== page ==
- excerpts from Diane Andreassi's November 27, 2015 report in Hometown Life (Gannett)

After Lyon Township residents armed with petitions came out in opposition, the Lyon Township planning commission tabled a revised master plan that calls for more homes per acre in rural areas of the township.

Residents objected that it was too soon to revise the Lyon Township Master Plan, which had been adopted in April, 2012.* 

Township Resident Steve Emsley said “the township’s roads and water system are already overtaxed."  The South Lyon school system is over-extended.

Planning Commission chairman Mike Conflitti recited the party line: “The big misconception is we are rezoning property, which we are not doing. Many people want to see the township stay the way it has been in the past. There is going to be growth."  Then he wheeled out his big gun, the platitude, "People have property rights whether they want to sell to a developer or a nature conservatory.”

He doesn't explain why taxpayers should have to live with the costs and after-effects. 

Emsley called Conflitti’s comments "word play."  "While the master plan doesn’t change zoning, it is ensuring future rezone requests will be in compliance with the amended master plan, and the public will have no argument."   “There are about 10 planned developments in the township pending approval and that represents 1,000 more units that you don’t see today."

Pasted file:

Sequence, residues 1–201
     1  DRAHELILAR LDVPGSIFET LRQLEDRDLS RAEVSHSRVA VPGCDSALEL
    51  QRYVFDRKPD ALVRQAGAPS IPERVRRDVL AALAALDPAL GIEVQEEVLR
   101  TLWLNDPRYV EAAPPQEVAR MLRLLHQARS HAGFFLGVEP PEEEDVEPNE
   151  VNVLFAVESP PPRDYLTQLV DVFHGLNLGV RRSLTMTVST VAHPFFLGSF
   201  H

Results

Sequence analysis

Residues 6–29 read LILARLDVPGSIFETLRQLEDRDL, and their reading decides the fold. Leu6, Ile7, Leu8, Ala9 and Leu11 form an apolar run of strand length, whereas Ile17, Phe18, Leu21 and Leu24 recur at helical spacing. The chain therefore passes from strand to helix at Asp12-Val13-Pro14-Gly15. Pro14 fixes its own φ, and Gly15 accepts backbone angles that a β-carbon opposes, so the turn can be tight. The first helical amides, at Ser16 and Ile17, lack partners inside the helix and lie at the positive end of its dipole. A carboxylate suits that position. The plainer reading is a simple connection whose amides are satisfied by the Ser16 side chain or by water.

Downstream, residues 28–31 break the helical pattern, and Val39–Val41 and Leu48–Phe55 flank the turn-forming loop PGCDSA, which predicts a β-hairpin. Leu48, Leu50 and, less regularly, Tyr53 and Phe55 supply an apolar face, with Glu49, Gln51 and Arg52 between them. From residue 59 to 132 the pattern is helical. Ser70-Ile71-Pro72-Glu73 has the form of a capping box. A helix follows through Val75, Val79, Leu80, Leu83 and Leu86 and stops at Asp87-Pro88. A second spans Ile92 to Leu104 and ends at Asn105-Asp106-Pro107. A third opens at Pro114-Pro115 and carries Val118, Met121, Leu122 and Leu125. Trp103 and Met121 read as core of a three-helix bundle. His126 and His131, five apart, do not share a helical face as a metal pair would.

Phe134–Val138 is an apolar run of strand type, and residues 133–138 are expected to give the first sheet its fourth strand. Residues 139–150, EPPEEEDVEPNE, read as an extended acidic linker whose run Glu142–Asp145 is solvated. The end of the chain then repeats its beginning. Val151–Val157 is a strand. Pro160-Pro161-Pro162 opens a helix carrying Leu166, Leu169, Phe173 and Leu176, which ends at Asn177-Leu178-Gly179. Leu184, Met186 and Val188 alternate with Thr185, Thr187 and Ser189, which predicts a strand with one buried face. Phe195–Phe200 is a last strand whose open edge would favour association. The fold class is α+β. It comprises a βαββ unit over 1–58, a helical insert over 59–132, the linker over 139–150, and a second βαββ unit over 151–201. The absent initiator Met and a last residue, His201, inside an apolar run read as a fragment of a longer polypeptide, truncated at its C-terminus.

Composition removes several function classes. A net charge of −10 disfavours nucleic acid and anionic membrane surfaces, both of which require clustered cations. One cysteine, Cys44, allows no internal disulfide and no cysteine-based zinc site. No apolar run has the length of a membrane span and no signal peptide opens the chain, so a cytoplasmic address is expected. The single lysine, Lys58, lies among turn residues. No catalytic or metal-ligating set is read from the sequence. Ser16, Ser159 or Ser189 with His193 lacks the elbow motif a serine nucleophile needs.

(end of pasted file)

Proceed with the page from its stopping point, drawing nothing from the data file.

You don't have to read the news to know how dangerously crowded Lyon Township roads have become.  Just take a rush hour tour of the Pontiac Trail parking lot or Ten Mile Road.

The kicker in this story is buried in the Lyon Township Master Plan, which was compiled by McKenna and Associates.  Beginning on page 213, the problem of the hamlet of New Hudson is discussed.  The similarities to Whitmore Lake are impossible to overlook.  In McKenna's description of their future vision, you can practically hear the clanking of the bulldozers.  At some future point, a similar fate awaits the comfortable nest of inexpensive houses surrounding that tiny downtown.



* Northfield Township's Master Plan was adopted in July, 2012, but dated June, 2013.